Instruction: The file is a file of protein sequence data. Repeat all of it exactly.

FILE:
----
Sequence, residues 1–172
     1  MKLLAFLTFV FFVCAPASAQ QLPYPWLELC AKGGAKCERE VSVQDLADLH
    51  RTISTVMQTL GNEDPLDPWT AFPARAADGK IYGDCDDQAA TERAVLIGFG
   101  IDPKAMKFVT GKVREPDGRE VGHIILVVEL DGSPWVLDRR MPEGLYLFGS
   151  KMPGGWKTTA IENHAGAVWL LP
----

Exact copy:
Sequence, residues 1–172
     1  MKLLAFLTFV FFVCAPASAQ QLPYPWLELC AKGGAKCERE VSVQDLADLH
    51  RTISTVMQTL GNEDPLDPWT AFPARAADGK IYGDCDDQAA TERAVLIGFG
   101  IDPKAMKFVT GKVREPDGRE VGHIILVVEL DGSPWVLDRR MPEGLYLFGS
   151  KMPGGWKTTA IENHAGAVWL LP